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NO SUCH THING AS STRANGERS. Based on in-person interviews with Springfield residents, this series explores how individuals create and define the meaning of “home” in both a local sense and when considering the world as a broader, global place to live. These paintings and corresponding outdoor sculpture (Shifting Foundations) delve into a wide range of topics including memories, personal narratives, social issues, and how a city experiences change over time.

FOLLOWING THE THREAD. Rauma, Finland. Based on photographs and interviews with lace-makers from Nyplääjät ry, the murals around the energy station create a link with the mural on the water pumping station, forming a "Lace Pathway" in the park. Following the "thread" of a previous project in Rauma, the murals use lacemaking a metaphor for the making of social fabric.​ Thank you to RaumArs and Finlandia Foundation for supporting this project.

IRIDESCENT WINDOWS SERIES. Dreams are a lot like locked rooms where you can exist with your own intimate self and thoughts. If you lock the door yourself, you are in control of the dream, but if someone else locks it, the dream can become a nightmare. This series of paintings based on remembered fragments and written records of dreams. Why do some dreams keep recurring, and who is locking the door? With intensely saturated colors that convey a sense of drama, the paintings, made in 2021, can become a window into the locked room, exploring loss, confinement, disruption, grief, isolation, freedom, imagination, peace, hope, wonder, and the fantastical. The paintings offer a more permanent and complete view into the dream bubble, which can burst so quickly after waking up and opening the door.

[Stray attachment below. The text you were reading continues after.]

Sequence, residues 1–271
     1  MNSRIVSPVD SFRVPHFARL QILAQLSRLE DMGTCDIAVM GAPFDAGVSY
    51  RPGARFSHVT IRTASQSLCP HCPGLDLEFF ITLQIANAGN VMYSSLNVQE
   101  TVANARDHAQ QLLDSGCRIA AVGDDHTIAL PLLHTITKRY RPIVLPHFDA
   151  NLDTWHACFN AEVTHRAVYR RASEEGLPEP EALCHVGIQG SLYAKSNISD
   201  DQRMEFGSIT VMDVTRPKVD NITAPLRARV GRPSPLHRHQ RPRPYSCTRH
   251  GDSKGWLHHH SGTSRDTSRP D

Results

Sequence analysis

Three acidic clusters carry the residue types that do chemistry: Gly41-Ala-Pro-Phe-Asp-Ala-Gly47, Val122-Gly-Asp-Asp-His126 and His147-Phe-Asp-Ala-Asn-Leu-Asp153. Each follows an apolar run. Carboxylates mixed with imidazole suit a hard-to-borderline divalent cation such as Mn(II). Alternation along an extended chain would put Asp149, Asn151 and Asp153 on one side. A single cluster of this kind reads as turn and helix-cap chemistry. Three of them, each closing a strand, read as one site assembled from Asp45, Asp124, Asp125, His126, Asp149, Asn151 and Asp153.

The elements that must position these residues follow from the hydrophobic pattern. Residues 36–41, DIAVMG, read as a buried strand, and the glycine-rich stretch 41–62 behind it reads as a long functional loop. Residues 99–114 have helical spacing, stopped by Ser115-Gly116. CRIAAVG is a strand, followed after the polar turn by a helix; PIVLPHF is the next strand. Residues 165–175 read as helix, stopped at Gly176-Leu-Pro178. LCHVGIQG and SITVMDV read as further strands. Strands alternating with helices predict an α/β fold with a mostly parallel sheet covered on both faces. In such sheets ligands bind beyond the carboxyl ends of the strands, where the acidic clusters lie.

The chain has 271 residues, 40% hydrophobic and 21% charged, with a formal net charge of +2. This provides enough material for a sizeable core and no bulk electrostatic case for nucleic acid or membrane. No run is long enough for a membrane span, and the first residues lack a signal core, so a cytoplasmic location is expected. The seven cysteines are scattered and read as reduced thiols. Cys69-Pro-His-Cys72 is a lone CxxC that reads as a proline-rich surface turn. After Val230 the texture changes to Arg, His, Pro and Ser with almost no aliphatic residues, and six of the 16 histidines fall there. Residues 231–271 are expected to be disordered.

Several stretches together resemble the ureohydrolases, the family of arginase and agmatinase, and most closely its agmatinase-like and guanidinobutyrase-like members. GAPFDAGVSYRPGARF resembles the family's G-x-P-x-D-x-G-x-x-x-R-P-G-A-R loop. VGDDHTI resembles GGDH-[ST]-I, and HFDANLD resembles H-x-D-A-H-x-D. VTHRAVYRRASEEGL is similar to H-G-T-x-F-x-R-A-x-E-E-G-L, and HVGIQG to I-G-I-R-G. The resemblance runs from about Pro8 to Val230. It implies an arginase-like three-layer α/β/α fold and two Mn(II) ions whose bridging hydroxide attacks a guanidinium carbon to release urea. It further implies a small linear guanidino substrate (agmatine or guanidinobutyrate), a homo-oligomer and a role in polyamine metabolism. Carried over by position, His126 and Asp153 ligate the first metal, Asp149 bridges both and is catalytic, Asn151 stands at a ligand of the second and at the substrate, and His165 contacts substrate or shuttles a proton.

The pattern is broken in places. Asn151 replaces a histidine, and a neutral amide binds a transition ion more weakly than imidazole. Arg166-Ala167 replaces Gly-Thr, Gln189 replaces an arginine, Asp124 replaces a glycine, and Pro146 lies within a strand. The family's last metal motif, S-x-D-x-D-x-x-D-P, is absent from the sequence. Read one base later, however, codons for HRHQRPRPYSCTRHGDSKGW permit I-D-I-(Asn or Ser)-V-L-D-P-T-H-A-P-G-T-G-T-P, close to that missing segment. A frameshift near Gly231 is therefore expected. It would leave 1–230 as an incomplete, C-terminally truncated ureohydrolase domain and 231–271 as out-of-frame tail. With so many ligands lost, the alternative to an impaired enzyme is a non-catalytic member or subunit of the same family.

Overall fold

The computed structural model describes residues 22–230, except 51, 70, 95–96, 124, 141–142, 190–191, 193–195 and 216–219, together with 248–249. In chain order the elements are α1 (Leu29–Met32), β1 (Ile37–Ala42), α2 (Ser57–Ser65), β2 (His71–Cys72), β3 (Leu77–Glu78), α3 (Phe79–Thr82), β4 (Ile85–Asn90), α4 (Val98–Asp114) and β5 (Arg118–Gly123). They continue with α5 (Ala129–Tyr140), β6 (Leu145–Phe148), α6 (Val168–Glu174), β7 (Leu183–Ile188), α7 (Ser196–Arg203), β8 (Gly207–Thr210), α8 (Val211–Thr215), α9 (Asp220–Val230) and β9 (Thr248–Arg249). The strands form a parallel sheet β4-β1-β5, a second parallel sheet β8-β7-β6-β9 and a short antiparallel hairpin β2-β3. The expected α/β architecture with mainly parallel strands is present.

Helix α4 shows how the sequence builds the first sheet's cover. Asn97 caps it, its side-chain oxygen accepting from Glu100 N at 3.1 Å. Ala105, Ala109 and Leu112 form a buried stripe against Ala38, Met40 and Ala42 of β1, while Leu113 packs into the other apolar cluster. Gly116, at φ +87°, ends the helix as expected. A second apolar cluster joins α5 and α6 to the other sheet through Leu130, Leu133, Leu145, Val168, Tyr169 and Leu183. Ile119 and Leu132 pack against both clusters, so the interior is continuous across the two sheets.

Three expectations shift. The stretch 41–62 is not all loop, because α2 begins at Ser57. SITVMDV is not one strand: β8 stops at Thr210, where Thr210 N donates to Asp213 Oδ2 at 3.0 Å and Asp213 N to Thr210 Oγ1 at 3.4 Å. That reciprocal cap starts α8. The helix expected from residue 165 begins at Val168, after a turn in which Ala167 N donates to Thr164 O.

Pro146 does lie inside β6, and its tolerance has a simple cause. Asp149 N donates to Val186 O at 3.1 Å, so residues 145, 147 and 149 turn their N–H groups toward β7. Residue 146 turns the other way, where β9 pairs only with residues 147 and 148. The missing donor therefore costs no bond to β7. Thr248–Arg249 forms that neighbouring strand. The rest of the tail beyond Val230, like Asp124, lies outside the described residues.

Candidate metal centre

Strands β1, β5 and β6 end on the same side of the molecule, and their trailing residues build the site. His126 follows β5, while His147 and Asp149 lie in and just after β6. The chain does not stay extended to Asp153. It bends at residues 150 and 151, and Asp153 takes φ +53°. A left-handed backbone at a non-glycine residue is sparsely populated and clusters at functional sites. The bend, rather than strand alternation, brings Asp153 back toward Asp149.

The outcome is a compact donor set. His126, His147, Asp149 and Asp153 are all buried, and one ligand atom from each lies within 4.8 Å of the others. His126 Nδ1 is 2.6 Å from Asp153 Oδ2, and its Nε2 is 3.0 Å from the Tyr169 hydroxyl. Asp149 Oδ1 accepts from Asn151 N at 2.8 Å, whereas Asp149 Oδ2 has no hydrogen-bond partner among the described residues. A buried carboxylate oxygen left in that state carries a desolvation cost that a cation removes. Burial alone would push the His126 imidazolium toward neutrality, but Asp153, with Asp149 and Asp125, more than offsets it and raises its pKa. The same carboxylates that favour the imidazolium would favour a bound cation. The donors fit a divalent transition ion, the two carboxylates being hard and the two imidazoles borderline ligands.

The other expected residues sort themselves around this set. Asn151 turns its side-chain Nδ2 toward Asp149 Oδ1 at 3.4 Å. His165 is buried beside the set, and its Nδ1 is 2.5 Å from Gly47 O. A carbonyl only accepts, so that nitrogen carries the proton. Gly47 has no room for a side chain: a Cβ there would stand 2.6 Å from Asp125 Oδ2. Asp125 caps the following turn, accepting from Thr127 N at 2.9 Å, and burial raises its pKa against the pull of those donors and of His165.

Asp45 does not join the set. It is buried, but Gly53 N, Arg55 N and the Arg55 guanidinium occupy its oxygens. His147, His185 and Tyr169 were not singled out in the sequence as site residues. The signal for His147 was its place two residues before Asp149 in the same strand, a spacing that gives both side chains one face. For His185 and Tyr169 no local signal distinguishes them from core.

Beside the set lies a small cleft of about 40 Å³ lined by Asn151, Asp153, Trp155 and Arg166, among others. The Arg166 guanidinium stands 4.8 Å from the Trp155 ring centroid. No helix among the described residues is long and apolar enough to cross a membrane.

TIERRA DE MUJER SERIES. What goes into growing coffee? In Huila, Colombia, a group of approximately 300 women farmers are working to produce high quality coffee beans from their own microlot farms through environmentally sustainable methods. These women are part of the Mujeres Cafeteras program within the Coocentral Coffee Cooperative, which has about 4,000 families each with their own small coffee farm. While traditionally most coffee farmers are men, this initiative is shifting labor for women in the program from working on household tasks to being entrepreneurial leaders. The paintings are based on interviews and touch on themes related to labor, land ownership, and a deep connection with the earth. 

¿Qué hay detrás del arte de cultivar café? En Huila, Colombia, un grupo de aproximadamente 300 mujeres campesinas trabajan en sus microlotes y producen café de alta calidad usando métodos ambientalmente sostenibles. Estas mujeres forman parte del programa “Mujeres Cafeteras”, una iniciativa de la Cooperativa Coocentral que reúne a cerca de 4000 familias de la región. Si bien tradicionalmente la mayoría de campesinos cafeteros son hombres, esta iniciativa está cambiando los roles laborales de las mujeres de la zona quienes han dejado de dedicar todo su tiempo a completar tareas del hogar y se han convertido en emprendedoras del café.